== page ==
Baseball legend, the late Mickey Mantle, hit another one out of the park this weekend when his rare mint condition 1952 Topps trading card sold for a staggering $12.6 million. 
Expectations were high when the auction began last month. The card last sold in 1991 for $50,000 but after the auction wrapped up this weekend, it has become the most expensive piece of sports memorabilia ever sold. It beat a record set in May when a Diego Maradona jersey worn in the 1986 World Cup sold for $9.3 million. A Honus Wagner baseball card recently sold in a private deal for $7.25 million but held the title of most expensive baseball card sale for just a few weeks.
Chris Ivy, director of sports auctions at Heritage Auctions, told Cheddar News that the Topps Mantle card sits in a very exclusive club.
"Depending on the grade, a handful of different cards have a current market value in the vicinity of $10 million or more," he said. Other trading cards close in value to the 1952 Topps piece include the 1914 Baltimore News Babe Ruth and the 1909-11 T206 Honus Wagner. 
"As far as Heritage items across all our 55 categories, it currently ranks third behind Dmitry Muratov's 2021 Nobel Peace Prize sold in June this year for $103 million and a 1787 DBLN New York Brasher Doubloon MS65 that realized $9.36 million in January 2021," Ivy said.
While factors like the card's condition, print variations, the number of circulating pieces, and errors can impact its value, other intangibles such as time period and what players meant to entire generations can have even greater weight in determining the value. For baby boomers, Mantle was the most idolized baseball player of their childhoods, according to Ivy.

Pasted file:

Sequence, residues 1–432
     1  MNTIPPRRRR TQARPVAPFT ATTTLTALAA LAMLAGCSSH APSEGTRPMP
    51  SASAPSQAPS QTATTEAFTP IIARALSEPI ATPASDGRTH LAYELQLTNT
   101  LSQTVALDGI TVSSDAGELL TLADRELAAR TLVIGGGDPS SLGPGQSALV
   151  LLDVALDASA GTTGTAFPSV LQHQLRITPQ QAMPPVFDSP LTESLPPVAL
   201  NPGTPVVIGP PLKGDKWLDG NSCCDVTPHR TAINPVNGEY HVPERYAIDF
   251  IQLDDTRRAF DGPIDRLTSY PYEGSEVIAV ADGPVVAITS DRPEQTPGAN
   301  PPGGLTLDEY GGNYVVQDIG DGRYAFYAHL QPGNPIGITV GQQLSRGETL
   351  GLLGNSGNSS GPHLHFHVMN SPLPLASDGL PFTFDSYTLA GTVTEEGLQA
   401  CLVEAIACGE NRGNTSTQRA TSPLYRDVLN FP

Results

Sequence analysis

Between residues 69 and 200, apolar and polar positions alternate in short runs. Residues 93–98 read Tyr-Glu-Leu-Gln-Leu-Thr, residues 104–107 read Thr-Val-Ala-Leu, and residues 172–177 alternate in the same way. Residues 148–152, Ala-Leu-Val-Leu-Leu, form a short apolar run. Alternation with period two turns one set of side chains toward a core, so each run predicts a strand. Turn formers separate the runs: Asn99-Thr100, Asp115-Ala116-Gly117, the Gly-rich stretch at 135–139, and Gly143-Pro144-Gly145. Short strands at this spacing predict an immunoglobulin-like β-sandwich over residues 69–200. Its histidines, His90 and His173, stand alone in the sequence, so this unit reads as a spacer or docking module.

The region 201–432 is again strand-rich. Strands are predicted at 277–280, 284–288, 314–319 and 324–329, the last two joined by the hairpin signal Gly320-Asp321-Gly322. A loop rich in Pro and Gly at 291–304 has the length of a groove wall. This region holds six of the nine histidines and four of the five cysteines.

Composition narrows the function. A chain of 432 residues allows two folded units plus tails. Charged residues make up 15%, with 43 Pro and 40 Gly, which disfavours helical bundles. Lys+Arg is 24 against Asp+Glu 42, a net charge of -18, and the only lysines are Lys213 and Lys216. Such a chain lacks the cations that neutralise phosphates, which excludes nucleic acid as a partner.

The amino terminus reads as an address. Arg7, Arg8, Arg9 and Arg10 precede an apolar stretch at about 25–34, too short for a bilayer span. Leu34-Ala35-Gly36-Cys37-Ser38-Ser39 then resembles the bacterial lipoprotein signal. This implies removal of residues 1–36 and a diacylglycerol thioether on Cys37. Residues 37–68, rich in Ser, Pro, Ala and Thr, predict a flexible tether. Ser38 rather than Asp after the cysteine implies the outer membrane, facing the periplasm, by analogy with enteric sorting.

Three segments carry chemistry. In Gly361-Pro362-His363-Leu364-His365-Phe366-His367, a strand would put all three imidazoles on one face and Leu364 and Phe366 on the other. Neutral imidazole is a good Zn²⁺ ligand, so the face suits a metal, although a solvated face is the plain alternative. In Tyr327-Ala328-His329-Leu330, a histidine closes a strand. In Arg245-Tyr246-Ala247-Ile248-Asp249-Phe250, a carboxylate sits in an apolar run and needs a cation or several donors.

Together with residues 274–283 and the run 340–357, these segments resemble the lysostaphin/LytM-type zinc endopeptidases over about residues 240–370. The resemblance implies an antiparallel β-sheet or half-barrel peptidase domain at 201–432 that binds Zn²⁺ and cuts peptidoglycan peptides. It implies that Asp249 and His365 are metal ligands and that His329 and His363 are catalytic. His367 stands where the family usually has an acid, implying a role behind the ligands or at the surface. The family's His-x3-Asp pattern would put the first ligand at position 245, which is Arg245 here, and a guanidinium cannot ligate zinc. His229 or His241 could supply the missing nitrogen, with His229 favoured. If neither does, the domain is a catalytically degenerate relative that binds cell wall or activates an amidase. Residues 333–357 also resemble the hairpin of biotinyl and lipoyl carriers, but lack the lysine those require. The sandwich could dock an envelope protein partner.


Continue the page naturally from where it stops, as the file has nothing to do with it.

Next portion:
"The 1952 Topps Mickey Mantle became the symbol of the entire card collecting world when this once-niche hobby became a nationwide phenomenon in the 1980s," he said. "The combination of the historical importance of the set as Topps' first major effort, Mantle's popularity and even his name, which seems like a product of Hollywood casting, has made this card what it is today."
Unlike other sports cards, Mantle's 1952 Topps collection has transcended sports and has become "pop culture art," he added.
With the last baseball trading card auction record standing for just over three weeks, it would not be at all surprising if another piece of sports memorabilia contends for a spot in that exclusive club. 
"The best of the best specimens often sell for huge premiums. It is a universal rule that applies to collectibles," Ivy said.